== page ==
13/04/24
News
13/04/24

Iran launches air attacks on Israel

Washington, 13 April (Argus) — Iran has launched an airborne attack on Israel today, marking a dramatic escalation of the Middle East conflict that for the past six months has been mostly confined to Gaza. The Iranian attack by what the Israeli military described as long-range drones comes after Tehran vowed to retaliate for a 1 April suspected Israeli strike on an Iranian diplomatic mission in Damascus, Syria. Iran's state-owned Irna news agency said the Islamic Revolutionary Guard Corps has launched missiles and drones against Israel. "This attack is likely to unfold over a number of hours," the White House said. "President [Joe] Biden has been clear: Our support for Israel's security is ironclad. The US will stand with the people of Israel and support their defense against these threats from Iran." The US has already pre-positioned forces in the Middle East to deal with the expected Iranian counter-strike. The initial reaction from the White House does not explicitly threaten a retaliatory attack against Iranian targets. But Israel has vowed to retaliate against any strikes from Iran and its proxies. Today marks the first direct military attack by a foreign state against Israel since the 1991 Gulf war. Separately, Iranian naval vessels earlier today seized the Portuguese flagged, British-owned MSC Aries container ship transiting through the Gulf of Oman. By Haik Gugarats Send comments and request more information at feedback@argusmedia.com Copyright © 2024. Argus Media group . All rights reserved.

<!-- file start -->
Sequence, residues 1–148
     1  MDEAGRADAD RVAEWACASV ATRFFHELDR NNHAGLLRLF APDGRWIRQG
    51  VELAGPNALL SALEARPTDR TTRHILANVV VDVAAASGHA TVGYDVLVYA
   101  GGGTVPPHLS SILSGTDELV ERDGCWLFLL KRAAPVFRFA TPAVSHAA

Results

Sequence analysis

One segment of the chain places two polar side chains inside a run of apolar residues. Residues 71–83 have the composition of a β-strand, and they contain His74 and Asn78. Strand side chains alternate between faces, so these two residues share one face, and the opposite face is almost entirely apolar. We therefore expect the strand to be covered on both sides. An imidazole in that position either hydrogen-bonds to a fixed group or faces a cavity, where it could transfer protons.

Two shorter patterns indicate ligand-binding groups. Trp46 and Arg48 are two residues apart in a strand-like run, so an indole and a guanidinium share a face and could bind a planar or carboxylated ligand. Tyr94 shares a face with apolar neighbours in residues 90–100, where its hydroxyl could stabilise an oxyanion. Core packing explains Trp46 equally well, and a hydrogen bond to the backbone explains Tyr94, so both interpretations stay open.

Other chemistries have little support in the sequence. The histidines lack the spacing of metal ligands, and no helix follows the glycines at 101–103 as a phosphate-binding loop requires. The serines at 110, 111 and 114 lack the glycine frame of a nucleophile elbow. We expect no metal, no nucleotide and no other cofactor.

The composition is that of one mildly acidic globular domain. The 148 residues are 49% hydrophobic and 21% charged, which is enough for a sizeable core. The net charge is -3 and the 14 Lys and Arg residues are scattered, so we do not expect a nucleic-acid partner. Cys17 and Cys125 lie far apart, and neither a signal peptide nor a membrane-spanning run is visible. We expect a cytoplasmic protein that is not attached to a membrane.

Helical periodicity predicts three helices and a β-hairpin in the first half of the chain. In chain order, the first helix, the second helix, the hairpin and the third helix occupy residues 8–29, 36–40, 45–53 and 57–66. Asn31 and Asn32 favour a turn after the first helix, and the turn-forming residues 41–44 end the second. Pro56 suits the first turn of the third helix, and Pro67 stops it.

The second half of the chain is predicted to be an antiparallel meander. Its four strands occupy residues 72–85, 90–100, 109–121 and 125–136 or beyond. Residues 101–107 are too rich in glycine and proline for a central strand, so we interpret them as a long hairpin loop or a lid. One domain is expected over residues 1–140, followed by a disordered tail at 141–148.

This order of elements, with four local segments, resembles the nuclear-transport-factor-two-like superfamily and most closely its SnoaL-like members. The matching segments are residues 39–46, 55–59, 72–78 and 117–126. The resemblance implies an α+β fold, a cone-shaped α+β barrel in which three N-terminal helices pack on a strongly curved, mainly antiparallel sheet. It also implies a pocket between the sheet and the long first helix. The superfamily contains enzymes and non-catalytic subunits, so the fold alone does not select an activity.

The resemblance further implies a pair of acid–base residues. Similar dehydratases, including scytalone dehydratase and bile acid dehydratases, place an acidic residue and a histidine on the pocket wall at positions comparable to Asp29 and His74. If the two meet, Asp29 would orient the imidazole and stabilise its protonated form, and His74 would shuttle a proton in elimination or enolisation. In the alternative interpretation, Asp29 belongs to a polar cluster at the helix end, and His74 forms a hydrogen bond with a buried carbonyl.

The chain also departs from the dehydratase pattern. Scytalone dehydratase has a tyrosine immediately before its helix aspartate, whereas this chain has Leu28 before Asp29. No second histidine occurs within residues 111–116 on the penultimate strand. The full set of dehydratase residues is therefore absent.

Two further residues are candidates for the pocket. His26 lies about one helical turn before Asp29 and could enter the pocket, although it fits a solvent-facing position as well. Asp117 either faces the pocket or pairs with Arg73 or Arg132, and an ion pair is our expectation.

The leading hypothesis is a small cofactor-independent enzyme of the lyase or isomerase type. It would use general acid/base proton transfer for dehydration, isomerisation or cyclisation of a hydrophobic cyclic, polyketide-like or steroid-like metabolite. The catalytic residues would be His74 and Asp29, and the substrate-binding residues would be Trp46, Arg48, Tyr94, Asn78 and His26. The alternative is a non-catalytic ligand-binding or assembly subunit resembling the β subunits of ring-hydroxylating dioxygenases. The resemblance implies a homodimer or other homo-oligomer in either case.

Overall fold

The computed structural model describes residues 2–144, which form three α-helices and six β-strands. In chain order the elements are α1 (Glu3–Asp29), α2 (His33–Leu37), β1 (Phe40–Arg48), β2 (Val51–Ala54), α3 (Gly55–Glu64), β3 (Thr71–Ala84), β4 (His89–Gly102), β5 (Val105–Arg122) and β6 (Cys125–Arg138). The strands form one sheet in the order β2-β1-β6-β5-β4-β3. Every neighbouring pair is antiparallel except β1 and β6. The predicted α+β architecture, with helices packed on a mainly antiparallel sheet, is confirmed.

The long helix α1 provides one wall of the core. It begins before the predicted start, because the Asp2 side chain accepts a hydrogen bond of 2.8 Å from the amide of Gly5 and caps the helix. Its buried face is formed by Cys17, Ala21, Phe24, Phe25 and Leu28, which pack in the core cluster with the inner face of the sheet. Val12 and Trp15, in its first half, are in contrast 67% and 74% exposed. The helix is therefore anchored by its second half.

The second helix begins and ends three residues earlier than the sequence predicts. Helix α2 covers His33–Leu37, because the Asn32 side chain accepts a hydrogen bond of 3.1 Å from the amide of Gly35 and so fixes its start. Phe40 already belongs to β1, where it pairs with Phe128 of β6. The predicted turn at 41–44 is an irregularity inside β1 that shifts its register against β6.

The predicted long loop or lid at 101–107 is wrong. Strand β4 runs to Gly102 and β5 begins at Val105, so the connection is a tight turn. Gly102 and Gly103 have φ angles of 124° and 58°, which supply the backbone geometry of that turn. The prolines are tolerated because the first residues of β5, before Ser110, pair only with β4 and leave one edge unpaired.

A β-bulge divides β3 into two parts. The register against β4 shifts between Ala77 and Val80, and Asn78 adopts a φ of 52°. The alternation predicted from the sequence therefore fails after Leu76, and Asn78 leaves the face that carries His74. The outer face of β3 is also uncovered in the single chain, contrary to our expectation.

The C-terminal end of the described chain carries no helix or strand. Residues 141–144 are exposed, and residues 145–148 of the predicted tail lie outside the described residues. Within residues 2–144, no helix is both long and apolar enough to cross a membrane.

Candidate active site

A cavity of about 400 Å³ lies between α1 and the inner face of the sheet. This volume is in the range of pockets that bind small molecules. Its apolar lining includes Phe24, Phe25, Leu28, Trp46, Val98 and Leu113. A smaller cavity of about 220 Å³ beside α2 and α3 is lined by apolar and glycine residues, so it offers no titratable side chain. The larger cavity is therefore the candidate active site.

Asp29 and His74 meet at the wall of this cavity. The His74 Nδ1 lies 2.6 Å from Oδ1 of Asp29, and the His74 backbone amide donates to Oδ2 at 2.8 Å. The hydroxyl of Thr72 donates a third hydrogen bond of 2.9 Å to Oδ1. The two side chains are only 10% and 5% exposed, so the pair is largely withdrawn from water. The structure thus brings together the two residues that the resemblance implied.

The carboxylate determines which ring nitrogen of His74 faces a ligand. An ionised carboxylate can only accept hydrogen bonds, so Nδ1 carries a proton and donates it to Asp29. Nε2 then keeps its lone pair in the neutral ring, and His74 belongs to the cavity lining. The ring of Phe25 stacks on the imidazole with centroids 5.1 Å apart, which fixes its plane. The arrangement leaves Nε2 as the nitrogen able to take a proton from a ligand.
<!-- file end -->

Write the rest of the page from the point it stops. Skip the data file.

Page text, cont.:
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Michigan organic hens culled over bird flu


12/04/24
News
12/04/24

Michigan organic hens culled over bird flu